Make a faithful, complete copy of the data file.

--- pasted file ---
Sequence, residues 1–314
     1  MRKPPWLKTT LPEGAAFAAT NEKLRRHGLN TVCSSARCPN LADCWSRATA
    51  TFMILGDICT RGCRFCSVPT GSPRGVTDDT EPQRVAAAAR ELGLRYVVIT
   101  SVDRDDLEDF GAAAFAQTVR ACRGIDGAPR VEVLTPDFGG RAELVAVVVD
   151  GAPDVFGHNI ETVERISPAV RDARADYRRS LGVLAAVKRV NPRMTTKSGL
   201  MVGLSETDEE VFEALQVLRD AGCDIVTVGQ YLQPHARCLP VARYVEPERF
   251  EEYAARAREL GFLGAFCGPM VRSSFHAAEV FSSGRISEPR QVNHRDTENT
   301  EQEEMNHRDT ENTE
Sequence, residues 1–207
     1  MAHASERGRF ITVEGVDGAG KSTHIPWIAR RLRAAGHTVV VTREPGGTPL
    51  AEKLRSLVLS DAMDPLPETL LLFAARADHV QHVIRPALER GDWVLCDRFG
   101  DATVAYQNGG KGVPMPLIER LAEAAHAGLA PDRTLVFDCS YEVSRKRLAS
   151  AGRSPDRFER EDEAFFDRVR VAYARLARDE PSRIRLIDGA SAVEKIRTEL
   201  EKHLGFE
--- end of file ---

Sequence, residues 1–314
     1  MRKPPWLKTT LPEGAAFAAT NEKLRRHGLN TVCSSARCPN LADCWSRATA
    51  TFMILGDICT RGCRFCSVPT GSPRGVTDDT EPQRVAAAAR ELGLRYVVIT
   101  SVDRDDLEDF GAAAFAQTVR ACRGIDGAPR VEVLTPDFGG RAELVAVVVD
   151  GAPDVFGHNI ETVERISPAV RDARADYRRS LGVLAAVKRV NPRMTTKSGL
   201  MVGLSETDEE VFEALQVLRD AGCDIVTVGQ YLQPHARCLP VARYVEPERF
   251  EEYAARAREL GFLGAFCGPM VRSSFHAAEV FSSGRISEPR QVNHRDTENT
   301  EQEEMNHRDT ENTE
Sequence, residues 1–207
     1  MAHASERGRF ITVEGVDGAG KSTHIPWIAR RLRAAGHTVV VTREPGGTPL
    51  AEKLRSLVLS DAMDPLPETL LLFAARADHV QHVIRPALER GDWVLCDRFG
   101  DATVAYQNGG KGVPMPLIER LAEAAHAGLA PDRTLVFDCS YEVSRKRLAS
   151  AGRSPDRFER EDEAFFDRVR VAYARLARDE PSRIRLIDGA SAVEKIRTEL
   201  EKHLGFE